You think this can’t be bettered, until you see Iris van Herpen’s 3D printed white polyamide 2010 haute couture concoction, and you gasp. The pleats are there, fabric-less as they might be, but they move in elongated sea-shell shapes, with the central column pleated pretty much like human vertebrae. It is stunning. It also takes the notion of clothing to another realm—if Apple were to make a dress, it would be like this. And a diva from some future version of Star Wars would find it perfect for an inter-galactic date. But hey, aren’t we all inching that way?

There are other pretty frocks that talk to the inter-galactic diva in you. One of my favourites is the ethereal golden “Kaikoku” Floating Dress by Hussein Chalayan, prêt-à-porter Autumn/Winter 2011–12—it is made from cast fibreglass, gold-painted and then embroidered with 50 pollens—think of them as two-petal flowers made from pearled paper and Swarovski crystals.

How do you put on a fibreglass dress? You don’t. It has a door that opens—think car door—and you walk into it, remembering, of course, to close the door behind you. Moving is not a problem as the dress is on wheels that you operate by remote control. The embroidery moves too—each of the pollens is spring-loaded and they all fly off and swirl around the wearer. “It was intended as a poetic gesture,” writes Chalayan. “The dress is meant to symbolize new beginnings.”

While Chalayan’s flowers are futuristic and mobile, there are plenty of stunning examples of dresses that utilize traditional flower-making skills. Yves Saint Laurent’s 1999 wedding ensemble is basically three strategically placed wreaths—of lush handmade pink roses and green leaves made by Maison Lemarié, which has been around since 1880—one wreath frames the bride’s head, the next covers the bustline, the third functions as an extremely tiny skirt. The train is somewhat more substantial, machine-sewn pink silk gazar. To finish it off, there are a few roses wrapped around the right ankle. Needless to say, you would need a perfect figure and boundless courage to wear this garden-of-Eden-esque ensemble on your wedding day.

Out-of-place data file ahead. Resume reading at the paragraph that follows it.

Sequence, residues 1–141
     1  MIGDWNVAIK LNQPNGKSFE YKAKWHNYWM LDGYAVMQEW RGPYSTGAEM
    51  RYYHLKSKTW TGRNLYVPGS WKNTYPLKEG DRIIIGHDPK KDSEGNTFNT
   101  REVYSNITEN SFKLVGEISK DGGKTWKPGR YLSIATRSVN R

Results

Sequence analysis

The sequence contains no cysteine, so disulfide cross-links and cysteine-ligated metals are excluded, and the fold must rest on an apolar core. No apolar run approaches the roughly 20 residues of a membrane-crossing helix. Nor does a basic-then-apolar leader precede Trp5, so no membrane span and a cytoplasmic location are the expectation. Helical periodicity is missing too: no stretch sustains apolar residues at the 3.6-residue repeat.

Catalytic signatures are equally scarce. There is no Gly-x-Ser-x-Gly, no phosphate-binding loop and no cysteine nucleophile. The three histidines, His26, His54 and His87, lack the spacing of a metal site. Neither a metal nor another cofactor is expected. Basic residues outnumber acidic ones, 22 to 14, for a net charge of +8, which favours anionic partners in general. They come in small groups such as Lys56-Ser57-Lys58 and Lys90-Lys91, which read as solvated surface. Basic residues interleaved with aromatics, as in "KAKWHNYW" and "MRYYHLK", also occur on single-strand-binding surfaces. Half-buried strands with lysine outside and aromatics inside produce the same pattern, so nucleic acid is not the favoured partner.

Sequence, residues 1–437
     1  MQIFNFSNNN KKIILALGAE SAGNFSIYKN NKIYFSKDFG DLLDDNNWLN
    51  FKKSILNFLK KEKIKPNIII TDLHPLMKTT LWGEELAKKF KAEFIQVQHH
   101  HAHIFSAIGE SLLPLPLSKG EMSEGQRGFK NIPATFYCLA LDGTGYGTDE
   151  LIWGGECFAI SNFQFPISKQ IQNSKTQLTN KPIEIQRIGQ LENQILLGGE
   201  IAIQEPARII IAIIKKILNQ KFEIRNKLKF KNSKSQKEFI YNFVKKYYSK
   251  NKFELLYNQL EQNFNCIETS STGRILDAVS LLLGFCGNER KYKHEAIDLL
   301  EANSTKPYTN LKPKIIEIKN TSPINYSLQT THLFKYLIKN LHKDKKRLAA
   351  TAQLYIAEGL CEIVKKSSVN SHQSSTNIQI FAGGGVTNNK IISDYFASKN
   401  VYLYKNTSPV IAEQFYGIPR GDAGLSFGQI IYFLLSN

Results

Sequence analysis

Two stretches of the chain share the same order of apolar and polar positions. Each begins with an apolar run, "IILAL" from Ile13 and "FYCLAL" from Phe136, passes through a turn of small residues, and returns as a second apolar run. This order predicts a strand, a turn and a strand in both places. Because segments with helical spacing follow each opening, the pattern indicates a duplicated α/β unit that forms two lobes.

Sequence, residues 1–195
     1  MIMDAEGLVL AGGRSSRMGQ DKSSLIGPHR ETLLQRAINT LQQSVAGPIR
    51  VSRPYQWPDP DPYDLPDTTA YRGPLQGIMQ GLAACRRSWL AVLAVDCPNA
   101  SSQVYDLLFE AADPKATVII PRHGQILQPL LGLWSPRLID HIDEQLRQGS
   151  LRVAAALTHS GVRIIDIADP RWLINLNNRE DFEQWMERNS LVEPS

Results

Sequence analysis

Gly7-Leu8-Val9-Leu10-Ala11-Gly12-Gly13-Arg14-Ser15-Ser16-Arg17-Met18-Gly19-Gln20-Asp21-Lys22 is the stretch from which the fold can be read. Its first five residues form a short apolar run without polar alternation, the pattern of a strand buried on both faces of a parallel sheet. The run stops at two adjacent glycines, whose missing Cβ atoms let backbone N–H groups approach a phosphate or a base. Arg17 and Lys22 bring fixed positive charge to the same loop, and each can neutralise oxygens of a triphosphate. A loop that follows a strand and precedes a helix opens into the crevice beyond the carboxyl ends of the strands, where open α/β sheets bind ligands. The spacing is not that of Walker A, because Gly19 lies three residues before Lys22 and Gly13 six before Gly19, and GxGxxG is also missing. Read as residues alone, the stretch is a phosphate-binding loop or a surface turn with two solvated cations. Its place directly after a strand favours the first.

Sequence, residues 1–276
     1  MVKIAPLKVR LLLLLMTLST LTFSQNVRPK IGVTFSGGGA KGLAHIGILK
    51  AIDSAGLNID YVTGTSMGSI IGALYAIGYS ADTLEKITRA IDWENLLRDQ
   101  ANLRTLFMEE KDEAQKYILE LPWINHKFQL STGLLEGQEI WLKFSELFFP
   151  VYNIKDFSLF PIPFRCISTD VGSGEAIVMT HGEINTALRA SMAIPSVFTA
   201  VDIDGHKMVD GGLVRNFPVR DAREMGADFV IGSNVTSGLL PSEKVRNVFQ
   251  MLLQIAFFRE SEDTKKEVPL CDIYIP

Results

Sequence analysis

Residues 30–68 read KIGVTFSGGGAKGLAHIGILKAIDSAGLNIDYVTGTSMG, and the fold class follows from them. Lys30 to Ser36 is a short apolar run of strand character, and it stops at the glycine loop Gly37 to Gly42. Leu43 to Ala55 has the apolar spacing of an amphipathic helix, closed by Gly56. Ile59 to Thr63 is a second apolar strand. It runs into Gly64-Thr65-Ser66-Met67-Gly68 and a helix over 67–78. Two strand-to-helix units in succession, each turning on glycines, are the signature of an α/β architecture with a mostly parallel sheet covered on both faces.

One of the thought-provoking man-machine face-offs pops up in the featherwork section—two dresses in similar colour, both very striking, both fully covered in feathers, one by Yves Saint Laurent, 1969-70 Autumn/Winter haute couture, the other by Iris van Herpen, 2013-14 haute couture. The Saint Laurent dress is bedecked with natural bird-of-paradise feathers, but only when you come close do you realize that Van Herpen has used strips of laser-cut silicone to mimic feathers. Both are stunning.

At which point you realize it is not handmade or machine-made that matters—or natural or synthetic materials—but the creativity and courage of the designer. Beyond manus and machina, it is the mind that makes the dress.

Radha Chadha is one of Asia’s leading marketing and consumer insight experts. She is the author of the best-selling book The Cult Of The Luxury Brand: Inside Asia’s Love Affair With Luxury.

Also Read: Radha’s previous Lounge columns

More From Livemint